Is it residency then in Britain or in Greece. While “residency” and ‘tax” are not supposed to be linked, the reality is they are. No longer can we ride the system but must plonk ourselves in only one country at a time and become tax liable there.

            By the way, it is an international requirement that anyone, all of us, have to declare which place is our main country of tax residency if we choose to live, work or retire in another jurisdiction.  Fortunately there is a double taxation agreement between Britain and Greece that saves a lot of problems even after Brexit.

            What has not changed is dealing with banks when we move between jurisdictions. We confront the  “Know Your Customer – KYC” rule. This is any bank’s legal requirement to authorities that they have checked out throughly any new customer and that they definitely “Know Their Customer”. Or put more precisely know the customers’ prior source(s) of income, and it was legal.

            kesm – you may have waded through all this bureaucracy already,  but making decisions of choice of residence is not a matter to take lightly.

            Unfortunately if anyone had replied earlier to your post, as such I think it would have been speculative at best. This is probably a key reason why there were no original responses to your question.

            Visiting Greece temporarily, Is that a Good Solution?

            Your point of ‘visiting Greece‘ for short periods, is a great use of the “three month rule” no-visa rule. Brits can enter the Schengen area (that includes most of EU Europe and Greece) without a visa for a ‘usual’ kind of short stay. But passports are likely stamped on entry and exit. It is a bit like going back to the pre-Britain-in-the-EU era, 40+ years ago when Greece’s border points were usually very easy for Brits entering and leaving. Don’t over-stay these days though. And remember, the 3 months includes any time spent in another EU Schengen country like Germany, Italy, France, Holland etc.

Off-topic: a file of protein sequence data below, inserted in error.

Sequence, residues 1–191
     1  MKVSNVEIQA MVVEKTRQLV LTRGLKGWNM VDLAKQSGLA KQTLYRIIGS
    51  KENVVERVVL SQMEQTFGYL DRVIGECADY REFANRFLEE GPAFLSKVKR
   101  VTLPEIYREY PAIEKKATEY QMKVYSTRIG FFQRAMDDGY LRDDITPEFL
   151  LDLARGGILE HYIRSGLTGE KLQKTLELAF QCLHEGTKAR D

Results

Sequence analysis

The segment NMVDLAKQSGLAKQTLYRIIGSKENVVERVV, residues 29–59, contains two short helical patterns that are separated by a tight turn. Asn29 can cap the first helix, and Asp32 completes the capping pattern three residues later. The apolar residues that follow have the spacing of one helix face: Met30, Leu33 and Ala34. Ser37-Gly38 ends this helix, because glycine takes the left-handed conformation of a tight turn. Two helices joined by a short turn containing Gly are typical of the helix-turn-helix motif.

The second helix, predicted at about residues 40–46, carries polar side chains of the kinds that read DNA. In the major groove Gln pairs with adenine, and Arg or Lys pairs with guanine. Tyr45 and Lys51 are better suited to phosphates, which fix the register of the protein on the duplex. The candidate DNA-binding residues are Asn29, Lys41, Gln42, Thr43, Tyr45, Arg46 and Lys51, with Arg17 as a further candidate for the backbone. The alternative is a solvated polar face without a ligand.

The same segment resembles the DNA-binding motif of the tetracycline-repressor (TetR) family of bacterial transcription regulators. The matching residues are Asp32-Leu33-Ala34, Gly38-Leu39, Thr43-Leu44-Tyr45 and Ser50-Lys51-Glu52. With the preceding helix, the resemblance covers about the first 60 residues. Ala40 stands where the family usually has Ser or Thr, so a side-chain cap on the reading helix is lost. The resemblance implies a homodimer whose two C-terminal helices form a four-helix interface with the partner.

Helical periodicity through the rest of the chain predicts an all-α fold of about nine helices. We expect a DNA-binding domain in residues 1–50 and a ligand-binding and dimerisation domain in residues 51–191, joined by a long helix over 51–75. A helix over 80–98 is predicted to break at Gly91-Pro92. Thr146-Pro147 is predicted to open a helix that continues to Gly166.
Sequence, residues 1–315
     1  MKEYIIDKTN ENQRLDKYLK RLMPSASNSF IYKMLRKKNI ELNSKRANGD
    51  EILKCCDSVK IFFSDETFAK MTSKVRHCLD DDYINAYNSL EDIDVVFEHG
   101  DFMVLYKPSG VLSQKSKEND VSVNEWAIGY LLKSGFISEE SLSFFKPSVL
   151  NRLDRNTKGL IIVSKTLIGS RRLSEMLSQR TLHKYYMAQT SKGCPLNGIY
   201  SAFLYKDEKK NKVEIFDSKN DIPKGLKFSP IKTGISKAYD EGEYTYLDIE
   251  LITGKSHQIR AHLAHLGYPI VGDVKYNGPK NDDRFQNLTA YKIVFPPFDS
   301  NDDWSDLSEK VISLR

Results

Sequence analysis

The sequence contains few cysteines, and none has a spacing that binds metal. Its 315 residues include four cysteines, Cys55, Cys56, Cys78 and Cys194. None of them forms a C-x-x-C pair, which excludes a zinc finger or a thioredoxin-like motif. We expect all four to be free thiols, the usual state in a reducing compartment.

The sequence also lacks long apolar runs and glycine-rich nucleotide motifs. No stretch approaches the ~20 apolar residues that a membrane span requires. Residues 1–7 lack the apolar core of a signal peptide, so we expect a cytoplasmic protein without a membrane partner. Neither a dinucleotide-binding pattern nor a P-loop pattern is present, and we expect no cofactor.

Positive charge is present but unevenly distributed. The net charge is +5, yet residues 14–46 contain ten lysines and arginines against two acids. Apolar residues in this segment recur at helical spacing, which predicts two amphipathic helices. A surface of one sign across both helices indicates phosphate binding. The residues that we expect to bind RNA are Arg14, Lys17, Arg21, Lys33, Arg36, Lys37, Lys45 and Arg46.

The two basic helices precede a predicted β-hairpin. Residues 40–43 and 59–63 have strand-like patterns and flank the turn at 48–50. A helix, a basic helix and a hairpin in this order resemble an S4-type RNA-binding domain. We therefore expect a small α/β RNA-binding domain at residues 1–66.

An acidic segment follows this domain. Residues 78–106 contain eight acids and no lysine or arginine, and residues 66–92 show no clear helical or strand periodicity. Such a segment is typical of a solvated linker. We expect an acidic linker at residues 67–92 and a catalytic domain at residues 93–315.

What Options to Choose?

            I do know of several couples, being of working age in the same situation as you are, kesm. They have opted to favour UK at the moment as they have youngsters. In pure financial terms, in my opinion it is better to be in the UK as a Greek, married to a Brit. Unless there are extenuating family circumstances in Greece where, for instance it pays to have babies in Greece (government has been paying a significant sum for each new baby that comes into the world). Even so, as we know, the social support system for working age adults is superior in Britain. But not as cheap a place as Greece to live. There is always time in the future to plonk yourselves down full time in Greece. But there again, times are changing in Britain too. The mood has become very sombre in the ‘woke’ times for many who believe in old fashioned family values, such as using Mum and Dad as correct terminology. And not strange definitions such as ‘birth parent” that schools teach as being the way for kids to address their mums and dads nowadays.

            Anyway, this reply has given me the opportunity for a little social blow off, of my own..

            I am sure you will make good decisions that fit your circumstances regardless of the tax residency implications.

            All the best.